Death Valley Last Day – 9/17/11 - Mosiac Canyon & Artist’s Palette – 3 Miles
We spent a peaceful, dry, comfortable cool/warm night. I might or might not have heard a little snoring from a nearby tent. We were in hiker heaven after summiting the big MW. (Does anyone call it that or did I just make it up?)
We took a minute to cruise through the cozy little Lone Pine Camp- ground that we had occupied in the dark. How’s this for a front porch view?
A hotel room in Las Vegas was waiting for us but first we had some unfinished business back in Death Valley, a hike and a scenic drive that we shaved from our itinerary earlier in the week. We dropped off those infernal bear canisters at the Visitor Center, waved goodbye to Lone Pine, and headed east.
First stop: Mosaic Canyon, a popular little hike near the mirage of Stovepipe Wells. Did we really feel like hiking after the last three days? Answer: Yes! No elevation gain and no loaded backpacks maketh a cheerful hiker. What a contrast this hot, short, easy walk was to just 24 hours earlier, the cold, steep, grueling summit day. (Funny thing, though, in the canyon all of us complained of aching calves.)
Mosaic Canyon is famous for its mosaic breccia and smooth marble walls. It alternates from narrow slots to very wide open areas. The guideline that I have learned still applied: gradually walk up until you turn around and walk down.
Silky smooth walls
Carolyn walking up the narrow slot
Smooth rock and rough breccia flowing over it
A bit of scrambling was involved going up Mosaic Canyon until we hit this spot called Upper Dry Falls, a dead end – or was it? Jeff’s GPS wanted to go further, but I did not. So while he and Carolyn and Dolores climbed up a side wall, I began a leisurely backtrack. The air was still, the sky was brilliant blue and I had the place to myself.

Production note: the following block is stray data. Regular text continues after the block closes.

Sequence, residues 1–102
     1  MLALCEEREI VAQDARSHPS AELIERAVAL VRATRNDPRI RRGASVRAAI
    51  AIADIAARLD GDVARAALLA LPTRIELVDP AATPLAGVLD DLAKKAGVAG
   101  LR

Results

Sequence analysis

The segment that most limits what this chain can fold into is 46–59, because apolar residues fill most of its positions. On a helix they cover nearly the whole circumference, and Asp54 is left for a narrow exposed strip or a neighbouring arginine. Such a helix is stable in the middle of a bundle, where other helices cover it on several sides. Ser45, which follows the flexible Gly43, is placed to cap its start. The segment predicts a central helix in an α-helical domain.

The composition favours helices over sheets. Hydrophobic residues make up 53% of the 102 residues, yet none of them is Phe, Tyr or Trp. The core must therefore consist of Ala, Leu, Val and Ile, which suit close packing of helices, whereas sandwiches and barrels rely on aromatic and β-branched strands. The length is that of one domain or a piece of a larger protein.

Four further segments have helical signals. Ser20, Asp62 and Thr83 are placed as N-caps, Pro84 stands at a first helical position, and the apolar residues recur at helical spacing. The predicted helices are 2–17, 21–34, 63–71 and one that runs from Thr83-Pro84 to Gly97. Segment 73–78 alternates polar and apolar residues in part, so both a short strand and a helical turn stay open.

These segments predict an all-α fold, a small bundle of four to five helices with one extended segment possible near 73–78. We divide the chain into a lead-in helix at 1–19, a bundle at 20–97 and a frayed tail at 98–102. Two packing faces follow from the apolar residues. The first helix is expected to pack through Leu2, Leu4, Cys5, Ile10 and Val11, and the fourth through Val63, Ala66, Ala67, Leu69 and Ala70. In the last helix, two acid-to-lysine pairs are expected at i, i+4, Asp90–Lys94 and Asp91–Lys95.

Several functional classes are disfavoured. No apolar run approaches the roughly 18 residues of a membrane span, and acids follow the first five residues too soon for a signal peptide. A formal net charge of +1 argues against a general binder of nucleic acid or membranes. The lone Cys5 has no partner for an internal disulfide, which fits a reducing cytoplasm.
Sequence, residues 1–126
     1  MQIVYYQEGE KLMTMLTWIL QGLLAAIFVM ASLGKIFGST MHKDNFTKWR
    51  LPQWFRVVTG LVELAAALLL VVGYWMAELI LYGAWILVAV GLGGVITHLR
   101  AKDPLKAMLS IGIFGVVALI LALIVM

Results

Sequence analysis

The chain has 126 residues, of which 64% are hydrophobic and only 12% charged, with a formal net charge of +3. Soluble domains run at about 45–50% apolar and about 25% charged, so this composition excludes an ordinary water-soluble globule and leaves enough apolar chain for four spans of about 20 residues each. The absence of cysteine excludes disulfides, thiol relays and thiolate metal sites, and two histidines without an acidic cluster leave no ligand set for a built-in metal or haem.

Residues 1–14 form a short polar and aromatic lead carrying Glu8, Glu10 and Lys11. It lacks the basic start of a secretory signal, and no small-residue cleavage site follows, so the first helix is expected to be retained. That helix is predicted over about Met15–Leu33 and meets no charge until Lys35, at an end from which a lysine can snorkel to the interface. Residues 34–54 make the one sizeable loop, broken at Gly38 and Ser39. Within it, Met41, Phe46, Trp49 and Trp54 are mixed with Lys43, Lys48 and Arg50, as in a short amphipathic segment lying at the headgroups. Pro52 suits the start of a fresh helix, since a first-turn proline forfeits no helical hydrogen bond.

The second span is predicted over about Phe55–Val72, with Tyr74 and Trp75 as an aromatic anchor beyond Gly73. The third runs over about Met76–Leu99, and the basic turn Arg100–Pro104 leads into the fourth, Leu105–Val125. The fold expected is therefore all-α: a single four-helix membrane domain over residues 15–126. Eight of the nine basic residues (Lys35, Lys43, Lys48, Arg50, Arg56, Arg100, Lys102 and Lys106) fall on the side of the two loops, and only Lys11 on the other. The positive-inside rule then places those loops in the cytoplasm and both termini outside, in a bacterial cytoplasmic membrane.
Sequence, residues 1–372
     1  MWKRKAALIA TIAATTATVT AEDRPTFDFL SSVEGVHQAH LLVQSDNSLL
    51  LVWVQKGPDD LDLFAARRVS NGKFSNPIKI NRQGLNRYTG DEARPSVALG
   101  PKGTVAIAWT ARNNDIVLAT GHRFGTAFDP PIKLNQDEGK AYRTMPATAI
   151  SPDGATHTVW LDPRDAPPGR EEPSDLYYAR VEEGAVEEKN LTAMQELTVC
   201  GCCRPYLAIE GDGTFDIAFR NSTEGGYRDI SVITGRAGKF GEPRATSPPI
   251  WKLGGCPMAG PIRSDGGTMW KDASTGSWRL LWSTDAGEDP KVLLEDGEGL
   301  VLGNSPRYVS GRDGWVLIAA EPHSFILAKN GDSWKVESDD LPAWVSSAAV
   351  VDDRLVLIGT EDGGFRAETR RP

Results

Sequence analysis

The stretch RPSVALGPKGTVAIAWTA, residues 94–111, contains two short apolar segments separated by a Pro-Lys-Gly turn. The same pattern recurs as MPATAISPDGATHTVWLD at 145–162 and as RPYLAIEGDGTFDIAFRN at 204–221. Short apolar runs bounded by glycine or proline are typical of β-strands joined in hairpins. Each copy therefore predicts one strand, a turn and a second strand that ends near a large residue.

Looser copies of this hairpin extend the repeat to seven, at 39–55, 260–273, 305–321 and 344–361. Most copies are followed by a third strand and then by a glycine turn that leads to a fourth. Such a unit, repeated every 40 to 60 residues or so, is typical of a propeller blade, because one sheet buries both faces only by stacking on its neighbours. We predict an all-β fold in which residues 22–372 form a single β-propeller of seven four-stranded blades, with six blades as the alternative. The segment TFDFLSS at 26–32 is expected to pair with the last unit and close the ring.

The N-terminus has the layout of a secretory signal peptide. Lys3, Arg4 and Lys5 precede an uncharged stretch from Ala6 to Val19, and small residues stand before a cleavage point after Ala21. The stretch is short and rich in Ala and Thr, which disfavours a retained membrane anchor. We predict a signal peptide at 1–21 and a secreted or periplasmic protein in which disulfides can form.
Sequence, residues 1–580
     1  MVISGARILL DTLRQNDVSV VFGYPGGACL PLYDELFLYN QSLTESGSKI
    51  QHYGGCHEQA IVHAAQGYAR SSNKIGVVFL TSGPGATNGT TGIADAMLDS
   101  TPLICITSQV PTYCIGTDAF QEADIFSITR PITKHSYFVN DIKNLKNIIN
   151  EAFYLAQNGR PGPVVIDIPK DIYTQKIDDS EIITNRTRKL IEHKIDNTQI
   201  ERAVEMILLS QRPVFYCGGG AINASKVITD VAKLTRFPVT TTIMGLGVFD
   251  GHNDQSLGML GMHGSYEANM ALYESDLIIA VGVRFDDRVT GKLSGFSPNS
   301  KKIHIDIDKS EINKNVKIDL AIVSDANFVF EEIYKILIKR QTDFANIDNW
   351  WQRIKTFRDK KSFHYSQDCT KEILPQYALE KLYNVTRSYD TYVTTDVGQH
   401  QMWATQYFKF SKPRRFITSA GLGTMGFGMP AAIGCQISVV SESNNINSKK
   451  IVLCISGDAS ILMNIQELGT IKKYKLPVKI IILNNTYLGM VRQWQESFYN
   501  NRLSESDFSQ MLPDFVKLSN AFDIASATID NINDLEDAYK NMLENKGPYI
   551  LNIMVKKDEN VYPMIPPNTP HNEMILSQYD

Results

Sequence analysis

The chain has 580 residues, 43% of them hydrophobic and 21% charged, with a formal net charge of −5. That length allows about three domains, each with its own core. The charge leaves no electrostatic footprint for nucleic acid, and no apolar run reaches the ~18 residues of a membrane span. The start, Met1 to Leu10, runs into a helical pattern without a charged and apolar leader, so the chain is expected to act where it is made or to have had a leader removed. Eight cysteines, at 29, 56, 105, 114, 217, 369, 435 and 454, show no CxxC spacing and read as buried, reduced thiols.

I found a shady spot to lie down on a smooth marble slab and indulged in a little quiet meditation time (aka a siesta). It’s good to pause and appreciate the fact that you may only be in this particular place one time in your life and say a prayer of thanks.
I left behind a tiny cairn saying “I was here.”
Jeff in another narrow slot
After conquering Mosaic Canyon we drove along Highway 190, stopping to photograph the signs we had previously whizzed by on our way to trailheads.
Looks inviting, huh?
Our last hurrah in Death Valley was a cruise along Artist’s Drive and particularly Artist’s Palette, a mind-blowing area for which I cannot write an accurate description. Here are some of Jeff’s fine photos:
We waved goodbye to Death Valley and drove for the final time to Las Vegas for a hotel room, a hot shower (second one in 9 days), a good meal and more furious packing to be ready for our flight back home the next day. At the restaurant we celebrated Dolores’ birthday, congratulated ourselves on our summit success, and laughed long and loud at our mishaps.
By now my hiking and blog-reading friends are familiar with my mixed bag of emotions on these hiking trips: a bit of moaning and whining mixed with a lot of awe and gratitude. I need a little time between the experience and the writeup to digest the events, sift through the photos, and evaluate the experience through the 20/20 of hindsight. The answer to the question, “Would you do it again?” is inevitably “YES.” The physical discomfort (pain) and emotional rollercoaster (insanity) are temporary, but the memories are forever.
Here I am, safely returned over those peaks from a journey far more beautiful and strange than anything I had hoped for or imagined--how is it that this safe return brings such regret? ~Peter Matthiessen